POLITICS
11/10/2016 05:02 pm ET Updated Nov 11, 2016

Donald Trump's Proposed Cabinet Would Bring Some Fringe Figures In From The Cold

Not to mention his potential appointees are pretty much all white men.
Former New York City Mayor Rudy Giuliani (R) is one of the people frequently discussed for a spot in a Trump administration.
Mike Segar/Reuters
Former New York City Mayor Rudy Giuliani (R) is one of the people frequently discussed for a spot in a Trump administration.

WASHINGTON ― Now that the election is over, the D.C. ritual of jockeying for top positions in the next administration has begun. Insiders give the press names of candidates who are real possibilities; long shots, just to see what reaction they get; friends and, sometimes, even themselves. 

So far, the names being floated for a Donald Trump administration largely have one thing in common: They’re men. And for the most part, they’re white men. BuzzFeed obtained one list of 41 names under consideration for Cabinet and top White House positions. Of those, only six are women. In other news stories listing potential appointees, no women are named. 

Many of them are also fringe figures ― people who have never been in government or who have been out of government for some time and are itching to get back in.

Trump did not have the support of much of the Republican establishment, and many of the officials who would traditionally get into an administration now may be hesitant to do so for a leader they distrust. Trump may also block them since they didn’t support him. Meanwhile, some figures who have been lurking on the fringe may now have found a home with this unlikely president-elect. 

Here are the people being discussed so far for some top positions: 

Transition Chair: New Jersey Gov. Chris Christie (R) is currently leading Trump’s transition efforts, but if he no longer can ― he’s been tainted, for example, by the Bridgegate scandal ― tech billionaire Peter Thiel could replace him. Thiel secretly funded Hulk Hogan’s lawsuit that took down Gawker.com and once wrote that women getting the vote was bad for democracy.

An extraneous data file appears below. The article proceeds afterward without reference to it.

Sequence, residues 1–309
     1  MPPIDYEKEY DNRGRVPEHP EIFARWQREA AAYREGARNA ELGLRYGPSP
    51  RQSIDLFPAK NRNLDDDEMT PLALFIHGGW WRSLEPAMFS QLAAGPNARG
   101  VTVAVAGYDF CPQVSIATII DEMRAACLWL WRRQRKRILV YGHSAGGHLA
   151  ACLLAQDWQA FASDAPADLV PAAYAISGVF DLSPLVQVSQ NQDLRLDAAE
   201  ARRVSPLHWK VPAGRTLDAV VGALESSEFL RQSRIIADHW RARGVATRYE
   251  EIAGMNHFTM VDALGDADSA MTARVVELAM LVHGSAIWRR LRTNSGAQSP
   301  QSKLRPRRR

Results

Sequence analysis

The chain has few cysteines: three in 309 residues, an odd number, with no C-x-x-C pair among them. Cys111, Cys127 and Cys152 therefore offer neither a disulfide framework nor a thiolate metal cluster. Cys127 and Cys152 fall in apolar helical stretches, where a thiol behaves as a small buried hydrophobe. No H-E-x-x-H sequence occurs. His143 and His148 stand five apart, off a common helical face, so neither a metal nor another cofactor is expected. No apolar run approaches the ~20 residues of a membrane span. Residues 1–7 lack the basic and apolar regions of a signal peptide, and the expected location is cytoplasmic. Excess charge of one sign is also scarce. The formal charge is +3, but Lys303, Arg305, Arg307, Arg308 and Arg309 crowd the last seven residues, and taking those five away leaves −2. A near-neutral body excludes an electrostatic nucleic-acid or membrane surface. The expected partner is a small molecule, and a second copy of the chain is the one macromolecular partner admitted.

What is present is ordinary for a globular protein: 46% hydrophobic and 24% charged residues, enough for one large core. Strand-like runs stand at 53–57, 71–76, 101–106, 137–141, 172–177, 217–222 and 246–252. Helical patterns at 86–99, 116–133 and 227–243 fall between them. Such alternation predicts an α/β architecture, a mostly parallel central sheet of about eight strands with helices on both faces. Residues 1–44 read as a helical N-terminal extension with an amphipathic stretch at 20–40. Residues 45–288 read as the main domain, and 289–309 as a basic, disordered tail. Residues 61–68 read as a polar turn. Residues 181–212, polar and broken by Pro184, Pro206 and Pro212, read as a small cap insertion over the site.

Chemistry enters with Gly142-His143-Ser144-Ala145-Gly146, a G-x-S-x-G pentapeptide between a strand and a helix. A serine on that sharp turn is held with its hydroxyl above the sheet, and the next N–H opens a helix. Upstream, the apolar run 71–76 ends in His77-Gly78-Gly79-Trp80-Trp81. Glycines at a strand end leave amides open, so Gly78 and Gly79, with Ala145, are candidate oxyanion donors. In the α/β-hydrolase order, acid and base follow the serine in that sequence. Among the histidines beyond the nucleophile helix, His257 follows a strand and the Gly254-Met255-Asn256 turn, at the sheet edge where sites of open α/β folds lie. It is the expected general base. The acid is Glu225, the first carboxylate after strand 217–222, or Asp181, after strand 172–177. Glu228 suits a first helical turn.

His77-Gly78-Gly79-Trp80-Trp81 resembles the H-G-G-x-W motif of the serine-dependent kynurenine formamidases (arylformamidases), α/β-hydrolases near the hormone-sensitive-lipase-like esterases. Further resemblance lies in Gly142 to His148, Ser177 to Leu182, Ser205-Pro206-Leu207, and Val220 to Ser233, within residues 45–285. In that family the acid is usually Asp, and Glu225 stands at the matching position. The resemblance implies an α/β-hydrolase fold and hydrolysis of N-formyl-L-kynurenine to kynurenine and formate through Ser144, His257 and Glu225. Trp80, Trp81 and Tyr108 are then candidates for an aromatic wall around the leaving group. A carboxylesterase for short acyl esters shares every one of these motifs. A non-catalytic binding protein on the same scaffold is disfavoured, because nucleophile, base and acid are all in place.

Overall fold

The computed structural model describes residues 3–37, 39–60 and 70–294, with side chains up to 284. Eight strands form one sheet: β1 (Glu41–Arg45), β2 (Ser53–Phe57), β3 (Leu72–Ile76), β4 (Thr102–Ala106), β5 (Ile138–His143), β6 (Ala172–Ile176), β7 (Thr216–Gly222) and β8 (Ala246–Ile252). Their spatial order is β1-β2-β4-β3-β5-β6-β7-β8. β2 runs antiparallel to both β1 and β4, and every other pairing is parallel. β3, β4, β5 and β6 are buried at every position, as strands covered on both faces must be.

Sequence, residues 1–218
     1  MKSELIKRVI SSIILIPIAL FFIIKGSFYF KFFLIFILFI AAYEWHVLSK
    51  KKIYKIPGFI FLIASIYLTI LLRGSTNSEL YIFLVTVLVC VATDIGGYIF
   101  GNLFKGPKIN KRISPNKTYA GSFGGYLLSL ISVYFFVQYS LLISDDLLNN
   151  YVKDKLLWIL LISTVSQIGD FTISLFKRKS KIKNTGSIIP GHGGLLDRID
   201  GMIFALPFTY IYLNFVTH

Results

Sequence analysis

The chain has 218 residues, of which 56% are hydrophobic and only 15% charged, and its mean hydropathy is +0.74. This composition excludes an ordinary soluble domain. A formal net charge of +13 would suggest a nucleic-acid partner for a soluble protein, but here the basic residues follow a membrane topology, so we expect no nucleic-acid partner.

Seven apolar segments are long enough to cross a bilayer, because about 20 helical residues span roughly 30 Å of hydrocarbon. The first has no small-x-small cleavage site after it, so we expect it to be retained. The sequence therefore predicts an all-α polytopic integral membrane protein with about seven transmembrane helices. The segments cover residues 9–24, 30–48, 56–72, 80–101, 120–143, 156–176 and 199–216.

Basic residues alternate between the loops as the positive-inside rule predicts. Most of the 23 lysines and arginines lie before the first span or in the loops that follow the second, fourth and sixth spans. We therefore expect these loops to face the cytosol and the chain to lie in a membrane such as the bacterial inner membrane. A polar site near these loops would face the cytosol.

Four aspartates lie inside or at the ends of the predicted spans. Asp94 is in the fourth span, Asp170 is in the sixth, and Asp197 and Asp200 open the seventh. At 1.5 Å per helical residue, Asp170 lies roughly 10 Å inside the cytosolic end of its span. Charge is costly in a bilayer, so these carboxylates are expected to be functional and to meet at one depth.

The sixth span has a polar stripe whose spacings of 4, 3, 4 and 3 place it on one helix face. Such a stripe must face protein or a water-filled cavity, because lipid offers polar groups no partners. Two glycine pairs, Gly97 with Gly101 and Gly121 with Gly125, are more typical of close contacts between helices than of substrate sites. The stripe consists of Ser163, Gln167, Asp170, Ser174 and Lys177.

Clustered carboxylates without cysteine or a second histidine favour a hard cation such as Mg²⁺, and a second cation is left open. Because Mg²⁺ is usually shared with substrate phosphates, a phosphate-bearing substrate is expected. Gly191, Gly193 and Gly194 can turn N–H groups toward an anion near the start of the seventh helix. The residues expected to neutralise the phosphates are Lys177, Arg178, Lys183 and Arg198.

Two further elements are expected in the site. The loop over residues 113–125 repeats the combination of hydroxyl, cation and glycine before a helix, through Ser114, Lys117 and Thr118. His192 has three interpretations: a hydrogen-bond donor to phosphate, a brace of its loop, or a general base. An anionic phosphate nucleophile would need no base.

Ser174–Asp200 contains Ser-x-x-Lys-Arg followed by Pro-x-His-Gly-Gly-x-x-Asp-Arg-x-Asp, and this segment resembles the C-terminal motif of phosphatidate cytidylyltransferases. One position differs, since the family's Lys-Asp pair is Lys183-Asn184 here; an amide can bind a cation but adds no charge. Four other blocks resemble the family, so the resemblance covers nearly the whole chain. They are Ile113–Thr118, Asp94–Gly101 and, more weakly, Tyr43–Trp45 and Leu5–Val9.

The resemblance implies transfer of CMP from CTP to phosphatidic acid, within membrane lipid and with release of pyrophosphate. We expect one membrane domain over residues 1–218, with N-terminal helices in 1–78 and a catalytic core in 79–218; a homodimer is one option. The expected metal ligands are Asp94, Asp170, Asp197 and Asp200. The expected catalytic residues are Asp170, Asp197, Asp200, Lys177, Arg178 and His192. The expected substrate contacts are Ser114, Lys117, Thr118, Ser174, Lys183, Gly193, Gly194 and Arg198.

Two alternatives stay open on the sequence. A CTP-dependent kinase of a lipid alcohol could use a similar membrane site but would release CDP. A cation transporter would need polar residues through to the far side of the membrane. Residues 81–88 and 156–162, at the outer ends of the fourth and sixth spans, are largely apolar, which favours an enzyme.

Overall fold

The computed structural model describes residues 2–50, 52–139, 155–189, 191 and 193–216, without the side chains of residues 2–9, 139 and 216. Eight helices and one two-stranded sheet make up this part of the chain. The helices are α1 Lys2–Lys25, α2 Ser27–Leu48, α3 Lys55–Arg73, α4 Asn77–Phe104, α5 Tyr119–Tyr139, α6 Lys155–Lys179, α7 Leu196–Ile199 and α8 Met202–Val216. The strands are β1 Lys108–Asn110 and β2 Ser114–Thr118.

White House Chief of Staff: Two top candidates for this leading role are believed to be Reince Priebus, the Republican National Committee chairman, and Corey Lewandowski, Trump’s first campaign manager who is currently a paid commentator for CNN. Steve Bannon, the chairman of the conservative Breitbart News who took a leave to be Trump’s campaign CEO, is another contender. Bannon’s website has peddled some of the major alt-right conspiracy theories and spread the vitriolic rhetoric that fueled Trump’s rise. Trump campaign manager Kellyanne Conway and veteran conservative operative David Bossie are other possibilities. 

Attorney General: Former New York City Mayor Rudy Giuliani (R) is frequently talked about as a contender. Giuliani told CNN Thursday he would consider the job “if it really was just me and I couldn’t point to three others that would be just as good or better.” New Jersey Gov. Chris Christie (R) has also been talked about as a front-runner, as have Sen. Jeff Sessions (R-Ala.) and Florida Attorney General Pam Bondi (R). During the campaign, questions were raised about whether Trump improperly made campaign contributions to Bondi’s re-election effort to influence whether she investigated allegations against Trump University.

The attorney general oversees the Justice Department and enforces areas like civil rights. Giuliani has boasted that he made New York “safe” by implementing “stop and frisk,” a policing method that disproportionately affects black people and Latinos. He has also said “anything’s legal” during war. Two of Christie’s former top aides were recently convicted of conspiracy and fraud in the Bridgegate scandal, and their testimony has implicated the governor in their schemes. 

Secretary of State: Sen. Bob Corker (R-Tenn.), former U.N. Ambassador John Bolton and former House Speaker Newt Gingrich (R-Ga.) are reportedly under consideration for this top job.